The strong current of doubt accompanying Laye’s childhood marks the understanding of his mother’s powers as well. He is well acquainted with the symbolic meaning of the crocodiles in her mother’s life: “The totem is identified with its possessor: this identification is absolute, and of such a nature that its possessor has the power to take the form of the totem itself” (Laye 75). However, he does not know his own: “yes, the world rolls on, the world changes, it rolls on and changes, and the proof of it is that my own totem –I too have my totem– is still unknown to me” (Laye 75). From my point of view, the phrase included between hyphens is the key to understand Laye’s dilemma. After carefully constructing his mother’s character, the narrator needs to recognize these values in himself. When he informs the reader that he too has a totem, he is reinforcing his difference from his parents. At the end of chapter five, where this sentence belongs, the narrator assumes that the reader might not expect him to have a totem. It also seems to me that he needs to remind himself of this.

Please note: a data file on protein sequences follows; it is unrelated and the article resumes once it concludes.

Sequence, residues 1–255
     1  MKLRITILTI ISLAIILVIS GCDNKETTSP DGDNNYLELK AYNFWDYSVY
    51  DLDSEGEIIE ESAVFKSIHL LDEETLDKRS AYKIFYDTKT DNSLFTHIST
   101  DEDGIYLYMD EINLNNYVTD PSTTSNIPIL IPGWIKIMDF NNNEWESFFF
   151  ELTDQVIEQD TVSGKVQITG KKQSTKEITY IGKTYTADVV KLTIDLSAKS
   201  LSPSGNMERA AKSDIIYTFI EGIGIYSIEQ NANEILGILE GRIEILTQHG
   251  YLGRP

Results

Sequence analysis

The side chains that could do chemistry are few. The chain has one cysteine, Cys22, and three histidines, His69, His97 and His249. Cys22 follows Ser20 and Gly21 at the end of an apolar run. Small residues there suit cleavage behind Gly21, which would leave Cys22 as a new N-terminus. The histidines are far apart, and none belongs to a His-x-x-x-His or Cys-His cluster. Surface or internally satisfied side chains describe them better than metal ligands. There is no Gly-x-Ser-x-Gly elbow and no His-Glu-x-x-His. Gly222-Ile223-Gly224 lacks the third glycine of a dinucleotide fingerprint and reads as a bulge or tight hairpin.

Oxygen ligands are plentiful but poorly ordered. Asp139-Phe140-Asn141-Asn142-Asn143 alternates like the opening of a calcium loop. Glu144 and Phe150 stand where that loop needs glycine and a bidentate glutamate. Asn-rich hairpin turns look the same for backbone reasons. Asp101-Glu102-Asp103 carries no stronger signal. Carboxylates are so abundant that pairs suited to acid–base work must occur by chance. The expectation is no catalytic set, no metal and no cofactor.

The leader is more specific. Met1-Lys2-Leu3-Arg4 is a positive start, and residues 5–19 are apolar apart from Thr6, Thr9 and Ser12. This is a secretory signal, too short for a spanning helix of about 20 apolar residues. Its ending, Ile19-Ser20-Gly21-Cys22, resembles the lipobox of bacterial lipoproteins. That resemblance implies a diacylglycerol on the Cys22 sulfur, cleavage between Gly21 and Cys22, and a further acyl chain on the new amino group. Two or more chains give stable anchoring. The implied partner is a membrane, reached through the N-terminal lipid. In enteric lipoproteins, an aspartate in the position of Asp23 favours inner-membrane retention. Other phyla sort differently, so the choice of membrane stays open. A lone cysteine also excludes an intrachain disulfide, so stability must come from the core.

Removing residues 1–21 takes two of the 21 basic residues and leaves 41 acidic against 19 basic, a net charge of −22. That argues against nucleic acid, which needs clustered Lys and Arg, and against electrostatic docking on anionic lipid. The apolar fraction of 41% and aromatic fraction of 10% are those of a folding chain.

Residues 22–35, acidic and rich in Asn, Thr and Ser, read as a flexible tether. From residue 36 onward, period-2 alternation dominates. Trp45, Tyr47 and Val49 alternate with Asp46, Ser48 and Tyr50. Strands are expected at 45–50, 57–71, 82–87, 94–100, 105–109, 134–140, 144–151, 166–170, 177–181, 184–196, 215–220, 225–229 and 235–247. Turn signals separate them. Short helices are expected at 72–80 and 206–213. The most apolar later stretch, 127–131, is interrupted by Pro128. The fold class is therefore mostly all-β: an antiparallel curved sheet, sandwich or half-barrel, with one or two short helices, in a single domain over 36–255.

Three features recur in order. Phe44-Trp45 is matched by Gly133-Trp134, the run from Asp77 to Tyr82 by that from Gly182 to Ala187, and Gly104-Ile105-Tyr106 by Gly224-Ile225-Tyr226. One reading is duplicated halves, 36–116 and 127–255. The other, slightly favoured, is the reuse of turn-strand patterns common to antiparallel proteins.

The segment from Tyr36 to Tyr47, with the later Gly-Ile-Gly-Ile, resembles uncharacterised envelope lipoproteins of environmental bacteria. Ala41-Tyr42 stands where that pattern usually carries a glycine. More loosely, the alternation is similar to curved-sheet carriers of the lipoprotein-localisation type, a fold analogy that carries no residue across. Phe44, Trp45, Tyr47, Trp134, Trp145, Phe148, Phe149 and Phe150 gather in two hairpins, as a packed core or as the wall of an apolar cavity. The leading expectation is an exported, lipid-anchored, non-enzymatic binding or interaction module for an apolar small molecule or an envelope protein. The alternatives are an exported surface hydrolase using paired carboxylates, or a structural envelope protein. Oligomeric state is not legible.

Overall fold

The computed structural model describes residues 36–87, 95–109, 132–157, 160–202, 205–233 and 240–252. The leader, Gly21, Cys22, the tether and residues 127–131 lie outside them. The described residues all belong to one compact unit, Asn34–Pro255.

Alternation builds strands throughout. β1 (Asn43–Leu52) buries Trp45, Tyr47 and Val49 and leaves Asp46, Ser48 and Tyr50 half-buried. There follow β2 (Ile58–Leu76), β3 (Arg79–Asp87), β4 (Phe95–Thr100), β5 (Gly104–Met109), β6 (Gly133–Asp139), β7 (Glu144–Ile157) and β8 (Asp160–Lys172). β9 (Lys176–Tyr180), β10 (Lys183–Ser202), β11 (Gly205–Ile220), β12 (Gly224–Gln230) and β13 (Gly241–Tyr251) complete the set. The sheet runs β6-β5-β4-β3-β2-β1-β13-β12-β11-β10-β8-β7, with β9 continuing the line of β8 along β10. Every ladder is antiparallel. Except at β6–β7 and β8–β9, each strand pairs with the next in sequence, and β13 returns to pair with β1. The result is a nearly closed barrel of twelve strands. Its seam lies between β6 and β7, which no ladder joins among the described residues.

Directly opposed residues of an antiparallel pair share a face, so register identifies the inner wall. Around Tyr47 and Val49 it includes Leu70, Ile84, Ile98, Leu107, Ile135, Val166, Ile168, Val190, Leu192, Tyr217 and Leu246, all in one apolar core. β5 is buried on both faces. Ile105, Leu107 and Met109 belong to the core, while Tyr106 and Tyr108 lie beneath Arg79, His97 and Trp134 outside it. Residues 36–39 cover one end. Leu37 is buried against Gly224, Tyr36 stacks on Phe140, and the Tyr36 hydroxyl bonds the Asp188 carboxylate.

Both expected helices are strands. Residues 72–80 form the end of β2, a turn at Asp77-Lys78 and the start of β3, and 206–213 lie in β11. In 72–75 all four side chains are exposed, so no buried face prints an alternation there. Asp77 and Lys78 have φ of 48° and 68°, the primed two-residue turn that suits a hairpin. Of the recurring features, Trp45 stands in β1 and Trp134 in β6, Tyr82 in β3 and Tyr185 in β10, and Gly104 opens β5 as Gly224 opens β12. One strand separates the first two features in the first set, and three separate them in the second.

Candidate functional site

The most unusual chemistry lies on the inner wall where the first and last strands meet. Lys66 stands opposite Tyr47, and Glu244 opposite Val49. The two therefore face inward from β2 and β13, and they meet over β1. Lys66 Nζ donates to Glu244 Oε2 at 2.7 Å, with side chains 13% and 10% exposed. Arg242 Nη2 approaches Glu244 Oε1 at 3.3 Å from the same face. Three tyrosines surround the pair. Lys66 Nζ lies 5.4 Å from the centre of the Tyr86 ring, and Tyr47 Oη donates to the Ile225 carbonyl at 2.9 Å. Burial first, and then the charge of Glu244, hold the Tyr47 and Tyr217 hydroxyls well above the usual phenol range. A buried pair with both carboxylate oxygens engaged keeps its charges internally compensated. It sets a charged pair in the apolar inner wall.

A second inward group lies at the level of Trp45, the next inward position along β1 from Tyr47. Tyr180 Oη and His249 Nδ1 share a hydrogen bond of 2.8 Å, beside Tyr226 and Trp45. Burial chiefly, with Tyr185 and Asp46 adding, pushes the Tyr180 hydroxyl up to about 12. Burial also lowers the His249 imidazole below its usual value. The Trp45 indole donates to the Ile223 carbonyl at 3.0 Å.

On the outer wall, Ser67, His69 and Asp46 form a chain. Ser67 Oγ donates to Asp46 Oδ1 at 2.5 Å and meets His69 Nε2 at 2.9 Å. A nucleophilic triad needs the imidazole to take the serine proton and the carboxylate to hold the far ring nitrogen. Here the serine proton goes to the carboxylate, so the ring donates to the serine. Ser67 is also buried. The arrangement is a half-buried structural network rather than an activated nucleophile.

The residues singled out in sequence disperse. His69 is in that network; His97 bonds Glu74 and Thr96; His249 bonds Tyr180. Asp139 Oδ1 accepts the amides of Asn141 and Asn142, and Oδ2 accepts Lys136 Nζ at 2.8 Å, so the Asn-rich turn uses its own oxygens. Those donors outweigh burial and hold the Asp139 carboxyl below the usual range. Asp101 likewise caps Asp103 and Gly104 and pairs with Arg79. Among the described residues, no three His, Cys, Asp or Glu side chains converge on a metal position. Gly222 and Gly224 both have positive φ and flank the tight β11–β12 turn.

In the novel, a gradual transition between Africa and Europe is taking place. The six year-old Laye is already strongly influenced and confused by French education. But this is just the beginning of a process in which he gets farther and farther from his African traditions. Education first takes him away from Kouroussa, his birth town, to Conakry, the capital of Guinea. When this happens, the now adolescent Laye had been already initiated in his community through circumcision. This means that he was now considered to be a man. However, he does not stay to fulfill his new condition, but rather leaves in search of a higher westernized education. His mother is still very understanding of this situation, although she thinks that her son’s venture is “rather like going to live among savages” (Laye 138). This seems to make part of the reversal of values, being that the city is usually viewed as “civilized”.